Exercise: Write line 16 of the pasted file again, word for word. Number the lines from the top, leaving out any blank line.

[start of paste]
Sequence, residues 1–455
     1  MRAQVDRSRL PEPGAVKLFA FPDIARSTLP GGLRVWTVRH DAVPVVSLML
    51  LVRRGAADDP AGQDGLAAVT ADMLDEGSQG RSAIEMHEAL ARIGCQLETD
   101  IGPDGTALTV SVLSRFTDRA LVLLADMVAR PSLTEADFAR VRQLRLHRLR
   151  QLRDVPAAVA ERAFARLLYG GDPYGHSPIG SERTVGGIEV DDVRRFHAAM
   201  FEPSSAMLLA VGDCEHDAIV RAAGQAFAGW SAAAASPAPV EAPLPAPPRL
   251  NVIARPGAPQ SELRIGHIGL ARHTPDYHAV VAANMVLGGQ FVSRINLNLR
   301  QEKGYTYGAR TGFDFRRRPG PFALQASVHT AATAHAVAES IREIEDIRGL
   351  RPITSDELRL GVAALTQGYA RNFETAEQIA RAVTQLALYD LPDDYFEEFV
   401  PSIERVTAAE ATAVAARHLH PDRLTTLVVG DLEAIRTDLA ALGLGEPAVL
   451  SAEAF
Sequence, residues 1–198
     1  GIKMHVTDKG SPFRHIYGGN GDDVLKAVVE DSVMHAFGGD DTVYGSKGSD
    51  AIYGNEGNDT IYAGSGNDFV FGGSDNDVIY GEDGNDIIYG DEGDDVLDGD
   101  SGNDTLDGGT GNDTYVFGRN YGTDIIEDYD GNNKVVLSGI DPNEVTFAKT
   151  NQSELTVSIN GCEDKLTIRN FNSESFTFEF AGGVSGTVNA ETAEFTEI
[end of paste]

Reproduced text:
   151  NQSELTVSIN GCEDKLTIRN FNSESFTFEF AGGVSGTVNA ETAEFTEI